Veterans Diversion Program in Federal Court
If a veteran is convicted of a federal crime, is there any way to avoid incarceration? While Veteran Diversion Programs are well-known at the state level, federal diversion programs for veterans can be more difficult to understand and gain admission to. Joseph Brodie is one veteran, convicted of a federal crime, who could have benefited from a federal Veterans Diversion Program had he been made aware of it.
In Spring 2017, Brodie began speaking with U.S. Rep Frank LoBiondo to request assistance with the medical treatment he had been receiving from the Veterans Administration. Brodie remained in contact with LoBiondo’s Veterans Affairs Liaison and a case worker for several months, and received assistance with scheduling appointments and meetings regarding his medical care. On September 19, 2017, Brodie spoke to LoBiondo’s chief of staff and asked him to arrange a meeting with the congressman, but the chief of staff refused.
Brodie, angry that he could not schedule a meeting with LoBiondo, called the chief of staff a “dead man.” The same day, Brodie emailed the Veterans Affairs Liaison and the case worker that had been managing Brodie’s case, threatening to kill them, LoBiondo, and his staff. He attached an aerial photo of the congressman’s office and wrote “see where your office is and how easy it is to find… it even shows the environment and surrounding terrain, parking lots, wooded areas, etc., (like the kind a highly trained Combat Infantryman would use).” Brodie then texted his girlfriend and, after telling her what happened, said “I won’t surrender. It’s not in me” and that he was going to kill LoBiondo’s chief of staff.
Joseph Brodie was charged with two counts of threatening officials, officers, and employees of the United States, and was convicted by a federal jury of both charges on October 10, 2018.
With the help of an experienced military and criminal lawyer, Joseph Brodie likely could have received admission to a federal Veterans Diversion Program rather than spend time in jail. 34 U.S. Code § 10651 details adult and juvenile collaboration programs and outlines how veterans can gain admittance to federal veterans’ treatment court programs. These programs provide veterans with intensive judicial supervision and case management, a full continuum of treatment services like mental health services, substance abuse services, and medical services. They also provide services to address trauma, alternatives to incarceration, housing, transportation, mentoring, employment, job training, and education.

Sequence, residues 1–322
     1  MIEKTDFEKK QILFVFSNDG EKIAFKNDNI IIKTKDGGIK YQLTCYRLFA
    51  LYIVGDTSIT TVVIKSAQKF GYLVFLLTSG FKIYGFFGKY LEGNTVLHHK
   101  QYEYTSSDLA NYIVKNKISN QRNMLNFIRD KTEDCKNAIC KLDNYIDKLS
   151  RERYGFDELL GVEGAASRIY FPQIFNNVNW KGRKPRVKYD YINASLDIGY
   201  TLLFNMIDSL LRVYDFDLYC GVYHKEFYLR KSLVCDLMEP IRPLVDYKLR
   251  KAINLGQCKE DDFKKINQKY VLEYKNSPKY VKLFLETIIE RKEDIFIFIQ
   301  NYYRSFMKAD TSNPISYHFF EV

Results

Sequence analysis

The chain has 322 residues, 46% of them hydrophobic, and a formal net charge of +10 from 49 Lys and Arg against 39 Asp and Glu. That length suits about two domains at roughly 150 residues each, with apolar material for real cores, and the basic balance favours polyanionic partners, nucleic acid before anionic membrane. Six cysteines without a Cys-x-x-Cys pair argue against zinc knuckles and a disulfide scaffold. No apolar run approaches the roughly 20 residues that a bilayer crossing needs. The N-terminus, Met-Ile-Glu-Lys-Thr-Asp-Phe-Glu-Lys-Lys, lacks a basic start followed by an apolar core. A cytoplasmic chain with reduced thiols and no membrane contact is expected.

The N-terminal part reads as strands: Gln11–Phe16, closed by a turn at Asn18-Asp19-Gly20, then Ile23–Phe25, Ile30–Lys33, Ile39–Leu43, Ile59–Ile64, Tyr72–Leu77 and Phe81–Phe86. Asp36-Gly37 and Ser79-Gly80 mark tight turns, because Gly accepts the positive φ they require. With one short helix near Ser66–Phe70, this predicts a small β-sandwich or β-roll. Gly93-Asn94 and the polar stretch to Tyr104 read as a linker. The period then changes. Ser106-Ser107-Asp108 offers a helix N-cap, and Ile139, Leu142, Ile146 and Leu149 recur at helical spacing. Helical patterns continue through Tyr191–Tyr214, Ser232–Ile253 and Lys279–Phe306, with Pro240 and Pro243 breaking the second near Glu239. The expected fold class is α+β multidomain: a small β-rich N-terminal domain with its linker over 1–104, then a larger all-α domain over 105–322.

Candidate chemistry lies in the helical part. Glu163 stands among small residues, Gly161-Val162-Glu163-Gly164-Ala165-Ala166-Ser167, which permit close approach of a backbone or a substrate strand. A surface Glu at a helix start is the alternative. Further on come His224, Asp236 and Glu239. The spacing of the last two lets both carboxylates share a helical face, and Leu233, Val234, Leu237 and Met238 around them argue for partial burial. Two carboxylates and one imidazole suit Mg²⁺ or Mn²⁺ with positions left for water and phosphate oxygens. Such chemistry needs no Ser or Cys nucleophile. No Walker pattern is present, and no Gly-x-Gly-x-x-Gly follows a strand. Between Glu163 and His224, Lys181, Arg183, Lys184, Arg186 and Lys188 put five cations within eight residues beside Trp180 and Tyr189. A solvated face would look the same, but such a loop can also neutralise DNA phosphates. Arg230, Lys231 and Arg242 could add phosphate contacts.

To qualify, veterans must have served on active duty in any branch of the Armed Forces, including the National Guard or Reserves, and have a discharge other than dishonorable, unless the dishonorable discharge was due to a substance abuse disorder. The veteran should also be a preliminary qualified offender, meaning they have not been charged or convicted of any sex offense or a murder or assault with intent to commit murder. Furthermore, in determining if a veteran should receive admittance to a treatment court program, the judge, prosecutor, defense attorney, probation or corrections official, and mental health or substance abuse representative should consider the criminal history of the veteran, their risk of violence in the community, the views of any victims of the offense, and the extent to which the veteran and his or her community would benefit from the veteran’s participation in the program.
Admission to a federal veterans treatment court can be invaluable to protecting a veteran’s life and livelihood when charged with a federal crime. The experienced military and criminal lawyers at Thomas Roughneen and Associates are knowledgeable in obtaining admission to veterans treatment programs. If you are a veteran charged with a federal offense, call us for a consultation at 973-937-6010.